Ask Me for the Moon

I immediately gravitated towards “Ask Me for the Moon,” by John David Zuern. Anything regarding the night sky enchants me and reminds me of this quote by Zara Ventris, “I am a child of the Moon being raised by the Sun in a world walked by stars and a sky drawn with flowers.”

As I begin my journey, there appeared a black screen again, now is this a pattern I am noticing about Electronic Literature, or do authors prefer a black background? To think about it, if I created my own E-LIT piece, I would undeniably use a black background. Black just gives the work a mysterious feeling, not knowing whether the piece will be dark, complex, simple, or rich.

White letters appear on the pitch-black screen, fading in and out, making it hard to read, because they disappear so quickly. Still, each word I read is beautiful, to say the least, “Waikiki by night, out to see the moon, this is what you see…” and then what you see is described “Of hope and work, castles in the sand, palaces of purchased love, troves of stolen sleep.” I love that, the short snippet that I did catch of the poem reminded me of my trip to Jamaica last summer, the beautiful beaches and resorts, where we go to enjoy, but it is not a vacation for the people who live and work there. I remember talking to one of the tour guides, and he said we don’t want out children going to school; we want them to find a job so one day they can work up to a job at a resort and or be a tour guide.

As the poem comes to an end, Waikiki’s skyline appears on the black screen. It isn’t colorful like one would have imagined, but black and grey, metaphorically portraying the loss of sleep and the hard-work the people endure. At the bottom of the skyling, a college of photos appear, three of which spell Waikiki, one has an image of a palm tree, and the last one shows a photograph of waves with a person standing before the waves. As you browse through each image, you can hear something along the lines of a person breathing heavily, or is it the sound of waves? I believe it was the sound of breath because the word breath was used plenty in the poems.

As you click each image, it takes you to a place with more photos. This is when the reader becomes independent, we get to choose our own path and navigate through the pictures and turquoise words. As I click, I see more white words appear, smaller poems that turn into larger pieces of text pieces. Zuern captures his essential ideas of his work in these more extensive texts; in one, I learned about the Hawaii culture and how the state maintains rights over the Hawaiian people and their culture. I also learned how the beaches we Americans so wholesomely enjoy are restricted to the Hawaiian locals. We discover the dark truth about workers’ lives behind Waikiki’s resorts through the poems and texts. We are constantly reminded about the hard work the locals do at night to maintain the resorts us tourists enjoy.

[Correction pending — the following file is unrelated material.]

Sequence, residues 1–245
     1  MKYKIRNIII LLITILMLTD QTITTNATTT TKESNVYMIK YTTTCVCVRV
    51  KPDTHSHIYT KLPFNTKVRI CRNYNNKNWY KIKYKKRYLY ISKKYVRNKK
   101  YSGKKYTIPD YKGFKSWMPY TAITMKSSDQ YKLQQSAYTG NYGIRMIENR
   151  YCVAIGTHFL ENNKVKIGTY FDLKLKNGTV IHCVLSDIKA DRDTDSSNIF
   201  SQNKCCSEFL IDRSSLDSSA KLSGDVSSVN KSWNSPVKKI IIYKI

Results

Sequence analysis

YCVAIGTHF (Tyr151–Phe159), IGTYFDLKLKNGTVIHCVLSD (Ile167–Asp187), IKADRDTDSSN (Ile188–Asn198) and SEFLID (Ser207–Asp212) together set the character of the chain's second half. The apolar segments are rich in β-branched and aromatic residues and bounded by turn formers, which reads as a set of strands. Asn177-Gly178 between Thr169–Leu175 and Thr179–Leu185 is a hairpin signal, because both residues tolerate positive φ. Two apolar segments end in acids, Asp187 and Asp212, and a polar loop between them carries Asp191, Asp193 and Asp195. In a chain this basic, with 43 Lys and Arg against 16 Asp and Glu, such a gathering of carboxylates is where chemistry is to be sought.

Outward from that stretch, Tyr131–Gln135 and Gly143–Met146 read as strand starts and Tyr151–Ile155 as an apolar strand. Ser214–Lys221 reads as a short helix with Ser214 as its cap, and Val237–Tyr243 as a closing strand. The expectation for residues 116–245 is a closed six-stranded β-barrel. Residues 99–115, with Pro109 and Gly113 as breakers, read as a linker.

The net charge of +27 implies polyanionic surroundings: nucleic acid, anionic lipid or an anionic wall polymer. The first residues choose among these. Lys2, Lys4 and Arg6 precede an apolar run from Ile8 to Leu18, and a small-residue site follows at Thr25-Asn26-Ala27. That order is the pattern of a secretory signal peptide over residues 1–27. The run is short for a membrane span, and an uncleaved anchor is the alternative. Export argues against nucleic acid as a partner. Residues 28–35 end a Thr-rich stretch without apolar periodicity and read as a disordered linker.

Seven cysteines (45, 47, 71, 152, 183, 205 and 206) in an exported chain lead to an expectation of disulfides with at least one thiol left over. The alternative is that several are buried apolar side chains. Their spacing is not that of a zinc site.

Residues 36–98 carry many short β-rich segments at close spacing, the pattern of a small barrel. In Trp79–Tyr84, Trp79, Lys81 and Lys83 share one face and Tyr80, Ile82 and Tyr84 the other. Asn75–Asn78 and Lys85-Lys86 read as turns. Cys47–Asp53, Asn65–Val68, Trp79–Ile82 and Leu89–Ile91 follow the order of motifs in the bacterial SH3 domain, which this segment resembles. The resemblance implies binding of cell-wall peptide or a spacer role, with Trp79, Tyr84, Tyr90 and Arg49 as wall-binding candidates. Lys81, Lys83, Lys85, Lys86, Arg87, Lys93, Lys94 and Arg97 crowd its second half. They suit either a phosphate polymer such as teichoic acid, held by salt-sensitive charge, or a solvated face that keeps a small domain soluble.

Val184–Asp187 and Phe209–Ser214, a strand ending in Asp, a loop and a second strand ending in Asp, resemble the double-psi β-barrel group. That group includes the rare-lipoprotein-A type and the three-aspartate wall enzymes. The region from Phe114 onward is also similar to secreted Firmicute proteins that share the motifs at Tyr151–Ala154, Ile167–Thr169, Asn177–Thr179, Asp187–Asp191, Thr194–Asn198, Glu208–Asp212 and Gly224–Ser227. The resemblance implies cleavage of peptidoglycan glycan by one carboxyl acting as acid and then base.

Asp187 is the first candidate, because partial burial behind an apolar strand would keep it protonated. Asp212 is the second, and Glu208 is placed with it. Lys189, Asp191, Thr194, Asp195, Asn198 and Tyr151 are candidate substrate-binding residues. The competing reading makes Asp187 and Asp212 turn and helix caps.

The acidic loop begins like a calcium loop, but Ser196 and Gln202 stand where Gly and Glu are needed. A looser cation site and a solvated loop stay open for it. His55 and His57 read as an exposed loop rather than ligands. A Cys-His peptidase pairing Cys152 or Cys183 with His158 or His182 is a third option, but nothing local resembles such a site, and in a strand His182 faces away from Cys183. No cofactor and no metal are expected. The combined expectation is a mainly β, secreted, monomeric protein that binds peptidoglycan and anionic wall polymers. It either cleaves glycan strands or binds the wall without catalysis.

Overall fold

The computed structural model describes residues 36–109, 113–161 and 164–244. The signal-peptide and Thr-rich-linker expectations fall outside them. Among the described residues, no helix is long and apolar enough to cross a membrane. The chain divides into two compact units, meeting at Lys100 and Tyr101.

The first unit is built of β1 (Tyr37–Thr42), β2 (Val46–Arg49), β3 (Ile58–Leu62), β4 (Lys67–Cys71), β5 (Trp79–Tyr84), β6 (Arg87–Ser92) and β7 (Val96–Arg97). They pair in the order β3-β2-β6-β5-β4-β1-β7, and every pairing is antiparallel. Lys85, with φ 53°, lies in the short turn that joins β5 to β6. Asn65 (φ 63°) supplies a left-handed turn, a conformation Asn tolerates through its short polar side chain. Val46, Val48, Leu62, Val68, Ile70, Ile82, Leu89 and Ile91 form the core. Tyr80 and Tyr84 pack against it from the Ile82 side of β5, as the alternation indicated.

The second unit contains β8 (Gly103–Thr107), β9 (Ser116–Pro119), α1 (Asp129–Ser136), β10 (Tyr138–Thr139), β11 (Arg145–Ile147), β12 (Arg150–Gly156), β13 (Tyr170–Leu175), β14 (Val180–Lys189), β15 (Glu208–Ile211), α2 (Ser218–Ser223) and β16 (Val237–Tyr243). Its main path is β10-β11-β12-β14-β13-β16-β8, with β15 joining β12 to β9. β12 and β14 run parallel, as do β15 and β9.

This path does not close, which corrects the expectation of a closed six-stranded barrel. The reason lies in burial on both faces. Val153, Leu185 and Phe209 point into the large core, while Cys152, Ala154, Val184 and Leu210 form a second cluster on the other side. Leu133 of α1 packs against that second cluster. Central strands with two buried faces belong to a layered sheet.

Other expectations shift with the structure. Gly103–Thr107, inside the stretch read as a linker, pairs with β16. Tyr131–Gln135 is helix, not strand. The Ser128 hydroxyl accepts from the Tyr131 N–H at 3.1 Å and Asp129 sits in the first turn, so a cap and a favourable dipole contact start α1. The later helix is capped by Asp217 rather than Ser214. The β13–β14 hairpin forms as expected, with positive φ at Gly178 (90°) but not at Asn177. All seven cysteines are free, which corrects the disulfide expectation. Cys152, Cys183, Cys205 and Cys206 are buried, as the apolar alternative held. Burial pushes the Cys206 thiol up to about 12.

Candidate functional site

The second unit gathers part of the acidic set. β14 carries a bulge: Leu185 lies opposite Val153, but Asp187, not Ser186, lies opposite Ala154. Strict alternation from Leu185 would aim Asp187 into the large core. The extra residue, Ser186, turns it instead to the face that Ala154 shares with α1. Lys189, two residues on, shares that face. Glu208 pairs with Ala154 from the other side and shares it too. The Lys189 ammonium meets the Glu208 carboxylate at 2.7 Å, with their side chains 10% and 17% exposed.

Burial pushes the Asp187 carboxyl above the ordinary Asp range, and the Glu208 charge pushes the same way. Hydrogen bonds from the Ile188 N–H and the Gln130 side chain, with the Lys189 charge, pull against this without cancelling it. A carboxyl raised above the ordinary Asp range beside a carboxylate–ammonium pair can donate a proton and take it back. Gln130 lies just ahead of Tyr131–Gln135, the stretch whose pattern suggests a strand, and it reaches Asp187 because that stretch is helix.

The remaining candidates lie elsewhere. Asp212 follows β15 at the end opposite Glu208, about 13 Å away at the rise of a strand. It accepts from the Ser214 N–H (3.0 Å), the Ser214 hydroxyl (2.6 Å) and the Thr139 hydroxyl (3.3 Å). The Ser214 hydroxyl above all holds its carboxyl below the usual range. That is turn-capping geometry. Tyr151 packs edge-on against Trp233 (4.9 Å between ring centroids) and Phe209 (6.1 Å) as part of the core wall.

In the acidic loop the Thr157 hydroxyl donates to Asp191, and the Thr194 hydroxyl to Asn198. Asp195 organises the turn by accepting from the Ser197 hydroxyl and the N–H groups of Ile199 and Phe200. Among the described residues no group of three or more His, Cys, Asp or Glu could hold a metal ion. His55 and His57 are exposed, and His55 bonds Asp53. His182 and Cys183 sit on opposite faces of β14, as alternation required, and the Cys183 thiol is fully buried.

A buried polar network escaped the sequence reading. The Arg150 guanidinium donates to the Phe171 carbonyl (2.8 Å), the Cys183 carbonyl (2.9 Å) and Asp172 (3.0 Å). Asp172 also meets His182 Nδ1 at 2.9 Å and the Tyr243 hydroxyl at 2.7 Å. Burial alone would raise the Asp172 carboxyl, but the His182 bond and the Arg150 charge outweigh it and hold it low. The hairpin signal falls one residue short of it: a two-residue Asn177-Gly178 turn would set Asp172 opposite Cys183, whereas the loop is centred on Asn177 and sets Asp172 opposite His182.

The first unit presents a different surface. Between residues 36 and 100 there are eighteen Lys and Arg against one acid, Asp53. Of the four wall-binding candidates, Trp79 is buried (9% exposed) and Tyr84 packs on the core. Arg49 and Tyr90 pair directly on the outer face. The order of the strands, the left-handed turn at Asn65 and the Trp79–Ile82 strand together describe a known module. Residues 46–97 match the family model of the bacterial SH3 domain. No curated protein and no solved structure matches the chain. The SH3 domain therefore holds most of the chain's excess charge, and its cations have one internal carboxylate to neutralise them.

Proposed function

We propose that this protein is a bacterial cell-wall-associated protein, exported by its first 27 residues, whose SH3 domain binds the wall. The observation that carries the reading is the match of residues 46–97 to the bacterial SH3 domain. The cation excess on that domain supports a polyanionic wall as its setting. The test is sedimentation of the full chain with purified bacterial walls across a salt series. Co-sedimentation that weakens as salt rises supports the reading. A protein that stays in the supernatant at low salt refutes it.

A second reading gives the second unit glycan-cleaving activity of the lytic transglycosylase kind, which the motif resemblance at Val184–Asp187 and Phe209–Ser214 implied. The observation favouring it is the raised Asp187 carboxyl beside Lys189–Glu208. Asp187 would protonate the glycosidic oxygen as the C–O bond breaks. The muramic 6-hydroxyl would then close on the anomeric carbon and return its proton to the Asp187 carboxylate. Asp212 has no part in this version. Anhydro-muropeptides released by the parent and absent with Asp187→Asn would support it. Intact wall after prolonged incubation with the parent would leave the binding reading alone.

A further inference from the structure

I love this piece; I was a little annoyed though, because I couldn’t go back to the poems; they moved so quickly, very swiftly, the words morphed into one another, one line I caught that I love, went something like this, “Will you shelter me the way I shelter you, Does the world belong to us as the moon does?”

Fly Me To The Moon?

I first remember viewing Ask Me for the Moon on my personal search for an elit text to present to the class. However, my first interaction with this text was just a skim. I didn’t get to dive deep into it like I did this week.

Ask Me for the Moon starts off like the beginning of a movie. The black screen and fading captions seemed so familiar. I’ve watched so many movies that began with various captions. Some of these captions would state things like “based on true events”, “the scenes depicted in this film are purely fiction and for entertainment purposes only”, or sometimes just a quote that related to the theme of the film. Ask Me for the Moon does the latter. The captions provided relate to the theme of the elit text.

As I began navigating the text, I tried to analyze each group of fading words. However, the text moved too fast for my liking. I kept wishing I could pause the introduction of the text in order to carefully analyze the text. I found myself feeling like I was missing out on really important parts of the text. When I finally made it pass the introduction text, I was introduced to sound. The sound I heard as I hovered over a sign marked “Waikīkī” was reminiscent of a wave but also an echoed room with wind blowing through it.

The quickly fading text continued throughout my navigation of the text. However, I soon realized that the themes of the captions related to the excerpts that would come next. My favorite excerpt was about the transition of land in Hawai’i. The text begins with “Our ‘aina, or lands, are not any longer the source of food and shelter but the source of money”. This section made me think about the commercialization of Hawaii. To many Hawaii is just a tourist destination but to native Hawaiians it is a home constantly being destroyed by the tourism industry. Places that were once sacred to natives have been turned into tourist hot spots that they are denied access to.